About 80 per cent of the family owned meat-processing company's business was export-oriented, though the company was not exporting to China and had done little business with the world's most populous nation over the years.
But what a difference a visit makes. Fast forward to today and 25 per cent of production at the Seymour plant is destined for China.
Julian Ralph, pictured at his family's meat-processing plant in Seymour, says he expects more than $10 million a year in business as a result of his China trip. Photo: Simon O'Dwyer
The beef, raised in the paddocks of north-east Victoria, Gippsland and right across the state, is bound for supermarkets, butcher shops and food-service businesses on China's east coast.
The new sales have been generated, said company director Julian Ralph, by the state government's recent China Super Trade Mission, a week-long trip to China led by Premier Ted Baillieu, which included Ralph's and more than 400 other businesses.
Mr Ralph said the Chinese were developing a growing ''appetite'' for quality beef, and the market was ready for the Australian product. The first shipments from Ralph's have already been packed and are now in transit to China.
''I've already sold 10 [shipping containers] up 'til now. That's over $1 million worth of direct sales, all confirmed. And a third of them are already on the water, on boats sailing over there,'' he said.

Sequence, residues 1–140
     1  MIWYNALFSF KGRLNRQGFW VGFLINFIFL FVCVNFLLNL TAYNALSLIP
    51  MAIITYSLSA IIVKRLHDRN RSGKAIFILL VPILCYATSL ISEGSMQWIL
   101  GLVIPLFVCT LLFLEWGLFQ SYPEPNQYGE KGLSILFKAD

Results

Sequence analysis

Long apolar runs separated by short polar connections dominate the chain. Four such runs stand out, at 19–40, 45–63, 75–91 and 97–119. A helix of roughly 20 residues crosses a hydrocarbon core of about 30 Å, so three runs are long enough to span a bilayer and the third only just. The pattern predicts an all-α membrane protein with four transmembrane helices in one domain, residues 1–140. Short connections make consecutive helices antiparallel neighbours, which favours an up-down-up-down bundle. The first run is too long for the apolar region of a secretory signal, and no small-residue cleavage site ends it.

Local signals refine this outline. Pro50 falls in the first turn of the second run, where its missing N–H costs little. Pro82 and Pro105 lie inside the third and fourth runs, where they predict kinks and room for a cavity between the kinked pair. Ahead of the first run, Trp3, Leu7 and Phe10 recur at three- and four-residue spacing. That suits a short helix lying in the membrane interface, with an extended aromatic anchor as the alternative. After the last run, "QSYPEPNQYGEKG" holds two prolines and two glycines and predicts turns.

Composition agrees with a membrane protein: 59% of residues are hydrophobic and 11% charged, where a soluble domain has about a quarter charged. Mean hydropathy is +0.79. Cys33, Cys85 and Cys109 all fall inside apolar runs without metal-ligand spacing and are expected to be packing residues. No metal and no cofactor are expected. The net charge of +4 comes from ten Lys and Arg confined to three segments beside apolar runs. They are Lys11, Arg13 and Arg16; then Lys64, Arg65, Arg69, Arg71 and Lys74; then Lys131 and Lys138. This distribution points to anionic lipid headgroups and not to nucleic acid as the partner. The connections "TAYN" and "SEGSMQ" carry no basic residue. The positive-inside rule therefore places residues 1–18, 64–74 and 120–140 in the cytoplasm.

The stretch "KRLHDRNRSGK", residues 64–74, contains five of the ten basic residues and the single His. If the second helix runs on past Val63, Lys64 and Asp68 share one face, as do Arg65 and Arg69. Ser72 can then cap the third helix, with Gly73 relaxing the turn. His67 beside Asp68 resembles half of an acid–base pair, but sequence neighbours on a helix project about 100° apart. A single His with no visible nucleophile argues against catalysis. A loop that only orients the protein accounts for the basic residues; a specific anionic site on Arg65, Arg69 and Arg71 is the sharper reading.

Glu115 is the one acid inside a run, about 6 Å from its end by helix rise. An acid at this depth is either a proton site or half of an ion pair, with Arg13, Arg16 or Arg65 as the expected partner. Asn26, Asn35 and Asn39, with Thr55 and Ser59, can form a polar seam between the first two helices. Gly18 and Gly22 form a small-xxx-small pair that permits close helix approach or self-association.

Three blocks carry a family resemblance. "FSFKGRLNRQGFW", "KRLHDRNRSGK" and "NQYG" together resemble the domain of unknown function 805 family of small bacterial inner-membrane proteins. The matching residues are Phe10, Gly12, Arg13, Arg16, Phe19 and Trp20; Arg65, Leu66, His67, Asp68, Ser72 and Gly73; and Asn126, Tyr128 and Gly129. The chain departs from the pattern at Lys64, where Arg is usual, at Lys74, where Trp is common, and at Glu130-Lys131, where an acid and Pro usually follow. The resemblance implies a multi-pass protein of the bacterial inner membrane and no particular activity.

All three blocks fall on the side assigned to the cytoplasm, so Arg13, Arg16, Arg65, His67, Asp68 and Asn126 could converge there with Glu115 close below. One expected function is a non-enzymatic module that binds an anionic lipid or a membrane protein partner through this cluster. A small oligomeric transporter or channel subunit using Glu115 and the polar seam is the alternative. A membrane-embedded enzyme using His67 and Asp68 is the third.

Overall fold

The family business is now on track for more than $10 million of exports to China a year, because of business generated by the trade mission, Mr Ralph said. China could in fact become the company's biggest export market.
''I think we'll see some real increases in sales and production, and product heading towards China,'' he said.
If the extra sales to China are maintained, Mr Ralph said the workforce at the Seymour plant might have to be increased by 10 to 20 people. Infrastructure changes might also have to be made.
An interim report on the trade mission released by the state government said it would lift Victorian exports to the state's biggest trading partner by more than $1 billion over the next two years. It also said the mission would generate more than 1400 jobs in Victoria.
Mr Baillieu said rising incomes in China were lifting spending and diversifying diets. ''Victoria has the opportunity to be a food bowl for Asia, but it hinges on our efforts to establish new relationships on the ground in China,'' he said.